In my morning devotions the other day, God ministered to me greatly through the story in Matthew 14 of Peter’s attempt to walk on the water with Jesus. What struck me in reading this very familiar story was that there were two different ways in which Peter demonstrated faith.
It’s the middle of the night. It’s dark. It’s windy. The disciples are in their boat on the wind-tossed lake. Jesus comes to them, walking on the water, and they’re rightfully terrified. Jesus tells them it is He, so they need not be afraid. Peter, being the impetuous guy that he is, says “Lord, if it’s you, command me to come to you on the water.” So Jesus replies, perhaps with a twinkle in His eye, “Come.”
Peter’s first demonstration of faith is in response to this command to come to Jesus. And it seems like this “kind” of faith is an impetuous, exciting, risk-taking faith. It’s a faith that requires you to get out of the boat and do something you thought was impossible. But Jesus is calling, so it’s an obedient faith also.
To stay in the boat would have required no faith. But Peter didn’t stay in the boat—he got out and walked on the water toward Jesus. He demonstrated this exciting, risk-taking faith by trusting Jesus enough to set aside what was comfortable and known and step into (or should I say “onto”) what was unknown and risky.
But the wind was strong and the waves were choppy, and Peter’s impetuous, bold faith quickly disintegrated into fear. And then, he began to sink.
I don’t know whether this was slow-motion sinking (like a cartoon) or whether this was immediate (as if he had jumped into a pool), and I don’t know how submerged he was before he cried out these words, but cry out he did: “Lord, save me!” All the times that I’ve read this story or heard it taught, the focus is placed on the contrast between Peter’s faith to get out of the boat and his fear and doubt that made him start to sink. But what struck me this time was that there was another “kind” of faith demonstrated in this moment too as Peter begins to sink.
This second demonstration of faith is not the glamorous, courageous, I’ll-leave-everything-to-follow-You kind of faith. No, this second demonstration of faith is a faith born out of desperation. It is the faith that comes when you are sinking and there is no other hope except to cry out “Lord, have mercy on me—save me!”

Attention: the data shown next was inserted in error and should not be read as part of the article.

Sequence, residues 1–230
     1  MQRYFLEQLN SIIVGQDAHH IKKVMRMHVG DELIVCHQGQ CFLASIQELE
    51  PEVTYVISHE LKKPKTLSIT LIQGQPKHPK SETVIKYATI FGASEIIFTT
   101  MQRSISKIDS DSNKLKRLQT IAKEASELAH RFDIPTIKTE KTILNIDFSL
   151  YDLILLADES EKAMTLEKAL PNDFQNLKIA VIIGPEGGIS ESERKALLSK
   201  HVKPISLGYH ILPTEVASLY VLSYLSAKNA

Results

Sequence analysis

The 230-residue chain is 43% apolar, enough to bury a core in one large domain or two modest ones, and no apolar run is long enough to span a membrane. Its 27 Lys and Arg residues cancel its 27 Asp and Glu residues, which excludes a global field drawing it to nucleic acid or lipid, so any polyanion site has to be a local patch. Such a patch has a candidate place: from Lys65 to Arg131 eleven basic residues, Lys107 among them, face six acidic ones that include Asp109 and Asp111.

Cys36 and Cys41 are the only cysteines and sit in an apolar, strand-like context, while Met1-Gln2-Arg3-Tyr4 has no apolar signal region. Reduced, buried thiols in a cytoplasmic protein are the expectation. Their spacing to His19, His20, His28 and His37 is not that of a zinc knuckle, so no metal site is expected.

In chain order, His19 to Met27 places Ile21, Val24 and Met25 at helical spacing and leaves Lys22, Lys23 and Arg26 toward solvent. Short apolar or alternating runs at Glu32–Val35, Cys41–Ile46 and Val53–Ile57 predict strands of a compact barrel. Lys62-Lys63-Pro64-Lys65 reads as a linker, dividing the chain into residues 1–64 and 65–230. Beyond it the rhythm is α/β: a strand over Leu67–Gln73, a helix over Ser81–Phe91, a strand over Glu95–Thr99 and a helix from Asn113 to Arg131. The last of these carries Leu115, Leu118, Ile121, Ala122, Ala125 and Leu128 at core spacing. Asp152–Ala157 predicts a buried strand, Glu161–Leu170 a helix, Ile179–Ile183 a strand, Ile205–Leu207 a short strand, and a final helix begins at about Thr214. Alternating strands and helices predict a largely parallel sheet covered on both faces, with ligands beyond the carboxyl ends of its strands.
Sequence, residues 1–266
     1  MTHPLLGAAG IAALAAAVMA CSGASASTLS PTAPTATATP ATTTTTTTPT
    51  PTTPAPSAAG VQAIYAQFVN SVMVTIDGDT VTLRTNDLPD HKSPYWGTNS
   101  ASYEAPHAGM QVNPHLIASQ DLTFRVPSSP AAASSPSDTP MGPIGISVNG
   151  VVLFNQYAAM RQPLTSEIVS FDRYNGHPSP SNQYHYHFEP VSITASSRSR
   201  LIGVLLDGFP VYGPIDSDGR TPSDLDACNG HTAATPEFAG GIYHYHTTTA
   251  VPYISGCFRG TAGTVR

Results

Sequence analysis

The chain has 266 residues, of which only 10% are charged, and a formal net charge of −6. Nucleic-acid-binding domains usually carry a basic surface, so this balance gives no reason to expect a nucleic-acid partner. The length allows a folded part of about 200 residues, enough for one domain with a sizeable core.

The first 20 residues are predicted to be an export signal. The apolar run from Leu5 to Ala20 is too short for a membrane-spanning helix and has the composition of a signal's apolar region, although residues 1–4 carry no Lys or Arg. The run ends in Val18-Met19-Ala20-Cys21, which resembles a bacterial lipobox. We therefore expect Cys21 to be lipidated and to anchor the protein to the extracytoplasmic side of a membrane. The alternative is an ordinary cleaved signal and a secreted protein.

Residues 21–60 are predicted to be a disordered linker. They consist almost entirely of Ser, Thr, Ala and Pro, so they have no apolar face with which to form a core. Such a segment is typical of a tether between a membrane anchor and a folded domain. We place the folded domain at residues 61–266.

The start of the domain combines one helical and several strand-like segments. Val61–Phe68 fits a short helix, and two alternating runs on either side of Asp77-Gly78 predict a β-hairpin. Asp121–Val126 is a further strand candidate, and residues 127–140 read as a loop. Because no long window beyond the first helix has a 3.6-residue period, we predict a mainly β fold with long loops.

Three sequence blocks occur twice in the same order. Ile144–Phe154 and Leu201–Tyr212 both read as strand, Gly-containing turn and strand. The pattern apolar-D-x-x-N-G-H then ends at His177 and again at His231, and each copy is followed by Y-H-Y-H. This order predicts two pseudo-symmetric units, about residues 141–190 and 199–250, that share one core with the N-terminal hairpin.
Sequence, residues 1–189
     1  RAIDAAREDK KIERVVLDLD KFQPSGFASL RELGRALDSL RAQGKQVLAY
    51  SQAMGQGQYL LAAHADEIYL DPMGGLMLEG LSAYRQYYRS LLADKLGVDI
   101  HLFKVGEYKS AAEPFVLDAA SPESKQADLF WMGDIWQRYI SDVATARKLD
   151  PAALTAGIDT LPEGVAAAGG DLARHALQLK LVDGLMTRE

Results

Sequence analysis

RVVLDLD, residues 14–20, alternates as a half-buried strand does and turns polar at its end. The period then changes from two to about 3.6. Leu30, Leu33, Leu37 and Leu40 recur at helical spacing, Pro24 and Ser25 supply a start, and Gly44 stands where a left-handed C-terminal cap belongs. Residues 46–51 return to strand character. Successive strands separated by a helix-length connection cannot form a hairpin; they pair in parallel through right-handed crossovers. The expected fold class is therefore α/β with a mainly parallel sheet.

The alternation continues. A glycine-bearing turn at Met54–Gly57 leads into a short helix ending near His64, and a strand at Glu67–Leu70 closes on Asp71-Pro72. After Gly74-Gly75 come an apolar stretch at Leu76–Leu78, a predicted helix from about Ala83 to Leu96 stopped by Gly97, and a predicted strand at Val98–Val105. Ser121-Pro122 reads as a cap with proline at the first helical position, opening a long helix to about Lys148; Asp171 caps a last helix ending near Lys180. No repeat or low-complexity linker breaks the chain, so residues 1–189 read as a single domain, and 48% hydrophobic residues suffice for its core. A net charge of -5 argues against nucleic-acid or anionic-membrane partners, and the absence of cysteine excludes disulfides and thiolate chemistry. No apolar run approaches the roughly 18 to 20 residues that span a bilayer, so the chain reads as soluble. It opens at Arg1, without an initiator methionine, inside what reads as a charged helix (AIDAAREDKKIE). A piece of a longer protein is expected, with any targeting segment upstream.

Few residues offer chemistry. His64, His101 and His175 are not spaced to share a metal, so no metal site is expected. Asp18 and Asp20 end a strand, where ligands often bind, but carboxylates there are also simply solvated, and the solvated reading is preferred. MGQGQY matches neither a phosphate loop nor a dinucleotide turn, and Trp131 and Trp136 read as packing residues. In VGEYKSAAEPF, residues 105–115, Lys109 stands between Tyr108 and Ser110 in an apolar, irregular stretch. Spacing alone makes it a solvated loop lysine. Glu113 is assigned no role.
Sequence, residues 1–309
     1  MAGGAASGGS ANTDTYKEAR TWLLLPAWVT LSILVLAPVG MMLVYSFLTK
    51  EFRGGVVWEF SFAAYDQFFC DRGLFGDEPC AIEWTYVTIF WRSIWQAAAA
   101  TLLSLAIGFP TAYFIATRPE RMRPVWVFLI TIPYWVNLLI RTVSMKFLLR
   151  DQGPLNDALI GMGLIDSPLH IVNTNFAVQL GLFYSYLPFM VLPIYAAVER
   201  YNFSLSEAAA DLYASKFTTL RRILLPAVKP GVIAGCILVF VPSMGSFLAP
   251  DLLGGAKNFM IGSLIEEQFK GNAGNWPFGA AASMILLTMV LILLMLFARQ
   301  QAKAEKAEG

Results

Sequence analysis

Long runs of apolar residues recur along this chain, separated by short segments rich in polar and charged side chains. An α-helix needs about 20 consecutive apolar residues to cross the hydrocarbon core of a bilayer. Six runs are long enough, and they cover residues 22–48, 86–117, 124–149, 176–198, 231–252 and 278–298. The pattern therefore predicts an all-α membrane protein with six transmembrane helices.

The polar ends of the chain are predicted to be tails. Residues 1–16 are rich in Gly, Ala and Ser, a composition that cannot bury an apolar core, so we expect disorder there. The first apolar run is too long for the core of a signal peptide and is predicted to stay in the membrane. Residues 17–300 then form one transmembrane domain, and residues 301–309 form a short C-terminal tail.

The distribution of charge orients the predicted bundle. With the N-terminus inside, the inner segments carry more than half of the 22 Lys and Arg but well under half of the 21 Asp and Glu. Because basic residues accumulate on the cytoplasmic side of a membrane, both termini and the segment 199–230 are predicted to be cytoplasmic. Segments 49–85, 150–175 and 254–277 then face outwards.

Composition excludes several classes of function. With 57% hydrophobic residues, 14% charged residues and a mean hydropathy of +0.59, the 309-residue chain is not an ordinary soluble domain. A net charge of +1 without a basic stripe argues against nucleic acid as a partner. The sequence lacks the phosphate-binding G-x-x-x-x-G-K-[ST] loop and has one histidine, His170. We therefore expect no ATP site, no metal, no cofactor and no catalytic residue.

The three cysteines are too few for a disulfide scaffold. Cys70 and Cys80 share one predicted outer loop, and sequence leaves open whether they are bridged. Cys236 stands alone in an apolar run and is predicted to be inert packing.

How do I know this desperate cry is a cry of faith? Well, Peter was a strong, capable fisherman, not a wobbly-kneed 6-year-old jumping into the deep end for the first time. He’d probably had his share of close calls and swallowed many a mouthful of lake water. So his natural instinct when starting to sink would likely be to start treading water or strike out swimming toward the boat. But that’s not what he does. His immediate focus is on Jesus, and he cries out to his Lord to save him. That is faith…a faith born out of desperation and need.
Before Jesus chides Peter for his doubt, He first responds to Peter’s desperate faith by reaching out His hand and with His strong carpenter’s arm draws His friend the fisherman out of the cold, deep water.
This story resonates deeply with me. Jesus gave a call to our family to adopt a precious special-needs girl, and we responded in faith—the first kind of faith, the dangerous, risk-taking faith. We stepped out of the boat, onto the water, jumped through all the hoops of adoption, and now Anah is in our family. But now we’re seeing the wind and the waves—we’re realizing what this decision actually costs us in time and energy and many changes in our family—and the doubts start to come. Not necessarily doubts of whether we should have done this or not, because God’s call was clear then and still is clear now, but rather doubts and fears of whether we’re going to be able to handle all this. It feels sometimes like we’re sinking. And our natural instincts to work harder and longer aren’t getting us back to the surface.
But in our desperation, there is a deeper faith that is being formed in us as we learn to daily cry out to Jesus for deliverance and help and strength and grace, moment by moment. And that same strong arm of the Carpenter is right there to draw us up out of the depths and give us what we need for another hour, another day, another week. Truly He is sufficient. Truly He is good.